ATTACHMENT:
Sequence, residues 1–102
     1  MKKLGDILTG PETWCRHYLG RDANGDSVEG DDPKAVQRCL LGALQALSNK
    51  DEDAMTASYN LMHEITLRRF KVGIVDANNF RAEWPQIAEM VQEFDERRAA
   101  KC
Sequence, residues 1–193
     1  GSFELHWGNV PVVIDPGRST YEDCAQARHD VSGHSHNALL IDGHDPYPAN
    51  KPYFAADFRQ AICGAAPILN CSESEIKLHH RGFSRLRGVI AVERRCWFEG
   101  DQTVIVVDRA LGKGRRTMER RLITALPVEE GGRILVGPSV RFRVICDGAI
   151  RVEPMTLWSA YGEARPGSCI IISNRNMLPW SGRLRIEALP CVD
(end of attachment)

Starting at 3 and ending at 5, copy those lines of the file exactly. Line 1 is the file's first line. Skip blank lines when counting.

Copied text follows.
    51  DEDAMTASYN LMHEITLRRF KVGIVDANNF RAEWPQIAEM VQEFDERRAA
   101  KC
Sequence, residues 1–193